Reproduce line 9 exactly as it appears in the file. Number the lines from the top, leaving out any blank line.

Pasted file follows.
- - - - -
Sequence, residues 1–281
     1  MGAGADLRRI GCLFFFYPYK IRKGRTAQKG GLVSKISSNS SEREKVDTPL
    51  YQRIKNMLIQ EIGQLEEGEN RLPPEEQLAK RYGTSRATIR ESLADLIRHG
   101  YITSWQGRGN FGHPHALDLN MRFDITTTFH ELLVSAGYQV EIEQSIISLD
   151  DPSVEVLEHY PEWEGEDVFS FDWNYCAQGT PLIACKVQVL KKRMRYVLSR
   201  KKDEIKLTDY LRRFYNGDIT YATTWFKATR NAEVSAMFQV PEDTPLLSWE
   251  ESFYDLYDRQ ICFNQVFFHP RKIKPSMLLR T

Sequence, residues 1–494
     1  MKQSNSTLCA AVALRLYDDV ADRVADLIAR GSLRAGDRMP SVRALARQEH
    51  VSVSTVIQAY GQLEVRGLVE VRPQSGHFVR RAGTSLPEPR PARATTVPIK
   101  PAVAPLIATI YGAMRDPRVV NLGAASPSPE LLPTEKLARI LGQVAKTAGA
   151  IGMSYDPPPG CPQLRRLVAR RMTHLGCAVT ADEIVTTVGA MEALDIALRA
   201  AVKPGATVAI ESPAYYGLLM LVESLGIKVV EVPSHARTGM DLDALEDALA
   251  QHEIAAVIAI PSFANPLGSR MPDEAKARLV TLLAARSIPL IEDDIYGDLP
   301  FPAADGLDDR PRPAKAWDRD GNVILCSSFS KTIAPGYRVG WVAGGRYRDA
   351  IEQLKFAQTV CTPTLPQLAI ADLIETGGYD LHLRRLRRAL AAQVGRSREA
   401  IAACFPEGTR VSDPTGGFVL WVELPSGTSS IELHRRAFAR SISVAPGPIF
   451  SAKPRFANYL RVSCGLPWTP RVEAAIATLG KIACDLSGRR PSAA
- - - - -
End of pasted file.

     1  MKQSNSTLCA AVALRLYDDV ADRVADLIAR GSLRAGDRMP SVRALARQEH